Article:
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Gamekeepers thumb: a prospective study of functional bracing.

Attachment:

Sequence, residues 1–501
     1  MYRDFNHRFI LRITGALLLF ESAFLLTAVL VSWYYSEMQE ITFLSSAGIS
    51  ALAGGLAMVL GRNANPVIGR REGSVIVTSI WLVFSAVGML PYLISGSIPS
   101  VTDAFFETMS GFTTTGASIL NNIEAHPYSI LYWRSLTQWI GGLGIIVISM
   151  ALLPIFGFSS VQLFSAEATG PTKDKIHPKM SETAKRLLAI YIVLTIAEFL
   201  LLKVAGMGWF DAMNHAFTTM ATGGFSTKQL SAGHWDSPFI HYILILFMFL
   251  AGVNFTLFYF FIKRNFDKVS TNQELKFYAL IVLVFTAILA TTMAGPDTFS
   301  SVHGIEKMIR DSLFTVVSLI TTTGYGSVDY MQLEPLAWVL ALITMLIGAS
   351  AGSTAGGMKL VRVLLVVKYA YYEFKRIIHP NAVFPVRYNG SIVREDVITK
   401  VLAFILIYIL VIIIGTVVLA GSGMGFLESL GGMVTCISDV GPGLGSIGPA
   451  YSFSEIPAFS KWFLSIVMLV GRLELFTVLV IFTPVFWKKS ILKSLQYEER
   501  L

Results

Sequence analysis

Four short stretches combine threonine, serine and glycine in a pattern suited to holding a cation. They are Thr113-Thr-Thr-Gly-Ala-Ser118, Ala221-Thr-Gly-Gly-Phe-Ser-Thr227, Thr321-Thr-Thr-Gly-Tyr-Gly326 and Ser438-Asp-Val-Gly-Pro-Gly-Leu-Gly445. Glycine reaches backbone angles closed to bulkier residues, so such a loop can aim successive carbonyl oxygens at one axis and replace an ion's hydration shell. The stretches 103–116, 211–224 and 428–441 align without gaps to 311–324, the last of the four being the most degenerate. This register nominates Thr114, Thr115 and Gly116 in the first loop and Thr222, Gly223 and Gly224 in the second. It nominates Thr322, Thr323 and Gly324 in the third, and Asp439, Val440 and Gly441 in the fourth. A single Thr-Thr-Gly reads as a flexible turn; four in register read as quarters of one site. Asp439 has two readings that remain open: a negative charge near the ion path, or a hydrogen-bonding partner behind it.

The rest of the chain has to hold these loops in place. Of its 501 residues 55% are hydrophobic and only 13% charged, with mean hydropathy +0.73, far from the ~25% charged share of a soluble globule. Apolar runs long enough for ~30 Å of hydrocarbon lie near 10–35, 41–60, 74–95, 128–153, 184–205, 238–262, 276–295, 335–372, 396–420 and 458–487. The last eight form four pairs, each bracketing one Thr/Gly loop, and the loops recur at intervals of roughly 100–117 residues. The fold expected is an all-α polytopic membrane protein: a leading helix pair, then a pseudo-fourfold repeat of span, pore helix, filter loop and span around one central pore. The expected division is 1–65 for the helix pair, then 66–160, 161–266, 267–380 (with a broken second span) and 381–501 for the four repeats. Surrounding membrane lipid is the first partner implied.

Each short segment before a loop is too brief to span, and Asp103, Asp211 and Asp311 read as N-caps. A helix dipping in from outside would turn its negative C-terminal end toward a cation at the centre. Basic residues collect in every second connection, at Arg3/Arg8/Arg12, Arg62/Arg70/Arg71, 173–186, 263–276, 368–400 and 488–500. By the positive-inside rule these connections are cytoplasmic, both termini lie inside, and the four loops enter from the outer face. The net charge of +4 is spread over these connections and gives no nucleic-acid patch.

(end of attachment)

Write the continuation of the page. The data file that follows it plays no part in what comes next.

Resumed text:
Patients with acute thumb metacarpophalangeal joint injuries were assessed by stress radiography, arthrography, and clinical examination. Arthrograms served to assess tissue injury by the extent and location of dye leaks including the differentiation of displaced (Stener lesion) from undisplaced tears of the ulnar collateral ligament. Patients were treated for a minimum of 6 weeks by use of a removable custom-fit splint and daily range of motion exercises, and followed at a minimum of 1 year. In the 32 patients available for follow-up, mean relative instability improved from 17 degrees (after injury) to 2.3 degrees (follow-up) (p = 0.0001). Functional and subjective outcomes were good or satisfactory in more than 90% of patients; outcomes for all patients with Stener lesions were satisfactory, although joint stabilization was less than in the whole group. The three failures involved persistent symptoms, that defied subsequent surgery. These cases could not be predicted from the initial clinical tests. The treatment regimen was an economical, noninvasive, and effective method for a range of acute thumb metacarpophalangeal joint injuries.

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